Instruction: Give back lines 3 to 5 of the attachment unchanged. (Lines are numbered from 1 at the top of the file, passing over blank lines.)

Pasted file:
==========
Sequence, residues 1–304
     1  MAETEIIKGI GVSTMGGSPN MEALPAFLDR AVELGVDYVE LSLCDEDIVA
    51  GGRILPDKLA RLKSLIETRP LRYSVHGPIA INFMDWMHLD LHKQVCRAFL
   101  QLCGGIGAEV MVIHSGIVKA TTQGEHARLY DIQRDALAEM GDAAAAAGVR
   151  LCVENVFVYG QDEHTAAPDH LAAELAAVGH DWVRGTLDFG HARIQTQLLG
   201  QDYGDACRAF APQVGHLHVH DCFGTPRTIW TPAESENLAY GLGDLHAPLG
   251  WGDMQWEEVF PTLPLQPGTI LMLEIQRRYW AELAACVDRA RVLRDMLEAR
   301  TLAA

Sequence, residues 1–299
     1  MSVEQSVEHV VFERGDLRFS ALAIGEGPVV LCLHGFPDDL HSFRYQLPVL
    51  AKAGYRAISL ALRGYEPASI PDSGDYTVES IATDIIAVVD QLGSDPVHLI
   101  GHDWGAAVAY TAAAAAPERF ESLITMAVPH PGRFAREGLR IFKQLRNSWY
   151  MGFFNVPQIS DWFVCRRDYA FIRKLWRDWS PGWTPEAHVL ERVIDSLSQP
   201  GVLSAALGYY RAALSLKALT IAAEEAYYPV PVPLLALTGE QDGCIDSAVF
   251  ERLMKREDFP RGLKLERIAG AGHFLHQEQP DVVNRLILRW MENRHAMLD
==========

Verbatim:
    51  GGRILPDKLA RLKSLIETRP LRYSVHGPIA INFMDWMHLD LHKQVCRAFL
   101  QLCGGIGAEV MVIHSGIVKA TTQGEHARLY DIQRDALAEM GDAAAAAGVR
   151  LCVENVFVYG QDEHTAAPDH LAAELAAVGH DWVRGTLDFG HARIQTQLLG